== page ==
The theory behind drinking beverages that contain collagen is that an increase in the body’s collagen levels results in healthier, firmer skin., an independent provider of test results and information to help consumers and health care professionals identify quality health and nutrition products, evaluated the research on collagen supplements (not drinks) and concluded that doses of 2.5 to 9 g per day appeared to improve skin and modestly reduce wrinkles.9

Any benefits of added collagen may depend on whether it’s hydrolyzed, which generally isn’t revealed on product labels.9 The collagen-containing drinks in the table accompanying this article contain 9 to 10 g collagen per serving.

Amino Acids
Beverages that have amino acids, such as theanine, tyrosine, and lysine, added to their formulations are referred to as “nootropics.” They also contain a variety of other ingredients generally promoted to improve cognition and focus.10-12 According to Kimberlain, “some supplements do show promise for improving brain function, but dietitians should caution patients and clients and make them aware of any safety concerns and the lack of conclusive scientific evidence.”

It’s tough to generalize or determine which nutrients and in what amounts have been added (or not) to drinks. Among beverages with added vitamins, the most common Today’s Dietitian found are B vitamins and vitamin C.

Bottom Line
Hundreds of beverages fall into the “wellness” category, with any number of combinations and amounts of ingredients that suggest or promise to improve mental or physical health. Unfortunately, not enough research is available for any of these beverages to suggest they have a variety of health benefits. Moreover, these “wellness” beverages can be pricey, and they aren’t regulated by the FDA as are prescription and over-the-counter medications.

Dietitians can’t know everything about all of the available beverages, but if a client or patient asks about them, find out about the ingredients, do some research, and decide how to best answer their questions.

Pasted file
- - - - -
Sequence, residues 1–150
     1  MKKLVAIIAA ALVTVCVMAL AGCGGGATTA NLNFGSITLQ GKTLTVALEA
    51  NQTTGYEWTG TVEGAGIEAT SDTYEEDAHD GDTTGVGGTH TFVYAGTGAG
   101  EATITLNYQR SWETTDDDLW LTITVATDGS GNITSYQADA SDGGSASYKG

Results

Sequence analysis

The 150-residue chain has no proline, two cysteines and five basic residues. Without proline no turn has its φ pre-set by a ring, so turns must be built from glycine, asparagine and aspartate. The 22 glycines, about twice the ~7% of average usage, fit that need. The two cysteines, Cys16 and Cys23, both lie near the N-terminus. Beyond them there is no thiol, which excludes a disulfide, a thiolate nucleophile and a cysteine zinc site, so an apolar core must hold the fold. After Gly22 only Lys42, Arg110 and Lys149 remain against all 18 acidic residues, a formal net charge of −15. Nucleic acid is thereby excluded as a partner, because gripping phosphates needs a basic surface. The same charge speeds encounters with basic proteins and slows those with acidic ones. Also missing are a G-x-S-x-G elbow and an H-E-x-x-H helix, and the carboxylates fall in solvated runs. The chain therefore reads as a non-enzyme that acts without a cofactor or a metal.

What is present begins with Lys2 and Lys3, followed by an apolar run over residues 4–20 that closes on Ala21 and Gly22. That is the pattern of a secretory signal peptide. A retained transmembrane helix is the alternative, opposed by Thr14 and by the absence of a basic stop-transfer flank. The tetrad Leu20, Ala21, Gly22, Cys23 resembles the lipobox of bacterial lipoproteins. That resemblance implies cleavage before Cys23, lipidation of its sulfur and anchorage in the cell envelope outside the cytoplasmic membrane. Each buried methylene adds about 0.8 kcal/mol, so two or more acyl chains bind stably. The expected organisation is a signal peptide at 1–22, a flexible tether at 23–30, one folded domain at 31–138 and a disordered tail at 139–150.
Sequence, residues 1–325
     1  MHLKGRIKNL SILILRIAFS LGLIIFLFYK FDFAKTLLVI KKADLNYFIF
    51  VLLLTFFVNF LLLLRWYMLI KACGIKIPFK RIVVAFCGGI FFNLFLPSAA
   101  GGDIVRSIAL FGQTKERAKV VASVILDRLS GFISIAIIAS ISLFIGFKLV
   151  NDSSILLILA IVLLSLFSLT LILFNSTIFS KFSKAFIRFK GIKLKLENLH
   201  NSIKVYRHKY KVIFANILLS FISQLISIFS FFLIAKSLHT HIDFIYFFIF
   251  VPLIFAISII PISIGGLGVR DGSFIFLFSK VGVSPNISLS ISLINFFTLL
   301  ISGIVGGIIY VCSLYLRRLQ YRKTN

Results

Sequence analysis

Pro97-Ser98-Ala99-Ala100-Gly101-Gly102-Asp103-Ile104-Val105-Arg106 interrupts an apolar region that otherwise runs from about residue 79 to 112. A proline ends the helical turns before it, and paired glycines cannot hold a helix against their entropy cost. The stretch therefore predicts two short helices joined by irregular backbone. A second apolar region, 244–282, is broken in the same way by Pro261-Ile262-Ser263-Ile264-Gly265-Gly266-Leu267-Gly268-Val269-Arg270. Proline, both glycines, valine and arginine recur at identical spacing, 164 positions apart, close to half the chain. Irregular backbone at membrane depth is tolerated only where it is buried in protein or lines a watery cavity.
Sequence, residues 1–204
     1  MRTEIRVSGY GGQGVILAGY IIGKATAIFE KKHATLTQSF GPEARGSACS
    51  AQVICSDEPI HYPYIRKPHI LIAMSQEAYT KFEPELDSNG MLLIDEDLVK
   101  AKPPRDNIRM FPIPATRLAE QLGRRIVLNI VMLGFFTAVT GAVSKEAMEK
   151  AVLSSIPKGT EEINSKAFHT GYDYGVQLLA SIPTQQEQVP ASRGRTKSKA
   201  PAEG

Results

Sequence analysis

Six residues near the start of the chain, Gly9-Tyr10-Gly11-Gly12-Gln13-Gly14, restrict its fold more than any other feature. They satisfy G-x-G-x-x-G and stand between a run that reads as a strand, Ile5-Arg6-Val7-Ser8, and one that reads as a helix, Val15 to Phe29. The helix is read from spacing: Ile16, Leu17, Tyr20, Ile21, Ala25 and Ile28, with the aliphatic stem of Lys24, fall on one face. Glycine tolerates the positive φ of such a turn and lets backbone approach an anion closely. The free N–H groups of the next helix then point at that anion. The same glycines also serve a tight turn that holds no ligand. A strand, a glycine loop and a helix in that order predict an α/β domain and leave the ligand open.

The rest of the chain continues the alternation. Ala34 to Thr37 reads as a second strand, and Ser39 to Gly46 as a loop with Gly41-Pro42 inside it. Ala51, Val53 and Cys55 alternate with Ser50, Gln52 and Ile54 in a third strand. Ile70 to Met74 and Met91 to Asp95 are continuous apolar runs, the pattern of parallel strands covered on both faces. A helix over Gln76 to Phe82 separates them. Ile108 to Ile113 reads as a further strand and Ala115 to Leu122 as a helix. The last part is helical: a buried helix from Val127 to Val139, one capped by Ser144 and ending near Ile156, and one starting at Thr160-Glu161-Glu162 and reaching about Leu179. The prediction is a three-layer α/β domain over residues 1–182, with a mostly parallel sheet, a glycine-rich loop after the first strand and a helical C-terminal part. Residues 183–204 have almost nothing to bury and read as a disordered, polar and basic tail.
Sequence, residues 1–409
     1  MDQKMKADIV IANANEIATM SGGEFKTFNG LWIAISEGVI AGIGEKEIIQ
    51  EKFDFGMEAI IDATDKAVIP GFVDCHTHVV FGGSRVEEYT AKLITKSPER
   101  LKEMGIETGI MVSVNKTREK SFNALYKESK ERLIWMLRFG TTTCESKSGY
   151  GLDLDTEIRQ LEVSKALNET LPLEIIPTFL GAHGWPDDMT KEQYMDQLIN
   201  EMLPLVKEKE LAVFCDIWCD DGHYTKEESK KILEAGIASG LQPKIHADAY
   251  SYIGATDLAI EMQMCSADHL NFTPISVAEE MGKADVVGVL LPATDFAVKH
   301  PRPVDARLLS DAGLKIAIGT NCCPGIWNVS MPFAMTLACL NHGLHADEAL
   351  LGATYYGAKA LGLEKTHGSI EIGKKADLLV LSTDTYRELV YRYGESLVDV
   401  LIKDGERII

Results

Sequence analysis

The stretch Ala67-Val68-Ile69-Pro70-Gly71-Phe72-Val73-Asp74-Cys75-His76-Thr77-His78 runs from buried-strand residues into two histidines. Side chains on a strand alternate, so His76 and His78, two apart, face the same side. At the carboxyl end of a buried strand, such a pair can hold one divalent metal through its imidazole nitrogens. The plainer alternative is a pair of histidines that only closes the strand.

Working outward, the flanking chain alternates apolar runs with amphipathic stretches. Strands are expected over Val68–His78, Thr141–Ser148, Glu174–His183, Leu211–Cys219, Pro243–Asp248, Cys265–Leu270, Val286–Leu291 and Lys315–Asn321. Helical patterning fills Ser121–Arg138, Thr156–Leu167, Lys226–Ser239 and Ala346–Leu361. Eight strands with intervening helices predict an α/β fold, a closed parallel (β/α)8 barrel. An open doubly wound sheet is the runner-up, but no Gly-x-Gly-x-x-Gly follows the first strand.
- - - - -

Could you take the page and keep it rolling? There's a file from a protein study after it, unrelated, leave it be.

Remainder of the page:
— Densie Webb, PhD, RD, is a freelance writer, editor, and industry consultant based in Austin, Texas.


1. McHugh H. #Trendspotting: 2020 trend predictions. Imbibe website. Published November 25, 2019. Accessed March 1, 2020.

2. Lee JLC, Bertoglio LJ, Guimarães F, Stevenson CW. Cannabidiol regulation of emotion and emotional memory processing: relevance for treating anxiety-related and substance abuse disorders. Br J Pharmacol. 2017;174(19):3242-3256.

3. Pisanti S, Malfitano AM, Ciaglia E, et al. Cannabidiol: state of the art and new challenges for therapeutic applications. Pharmacol Ther. 2017;175:133-150.

4. Li H, Liu Y, Tian D, et al. Overview of cannabidiol (CBD) and its analogues: structures, biological activities, and neuroprotective mechanisms in epilepsy and Alzheimer’s disease. Eur J Med Chem. 2020;192:112163.

5. Liao LY, He YF, et al. A preliminary review of studies on adaptogens: comparison of their bioactivity in TCM with that of ginseng-like herbs used worldwide. Chin Med. 2018;13:57.

6. Panossian A. Understanding adaptogenic activity: specificity of the pharmacological action of adaptogens and other phytochemicals. Ann N Y Acad Sci. 2017;1401(1):49-64.

7. Panossian A, Wikman G. Effects of adaptogens on the central nervous system and the molecular mechanisms associated with their stress-protective activity. Pharmaceuticals (Basel). 2010;3(1):188-224.

8. Skin. Cleveland Clinic website. Updated March 17, 2016. Accessed February 29, 2020.

9. Collagen supplements review. website. Updated March 28, 2020.

10. Malik R, Sangwan A, Saihgal R, Jindal DP, Piplani P. Towards better brain management: nootropics. Curr Med Chem. 2007;14(2):123-131.

11. Heid M. Nootropics, or ‘smart drugs,’ are gaining popularity. But should you take them? Time. January 23, 2019.

12. Ahmad Khan MS, Ahmad I, Chattopadhyay D (eds). New Look to Phytomedicine: Advancements in Herbal Products as Novel Drug Leads. Cambridge, MA: Academic Press; 2018.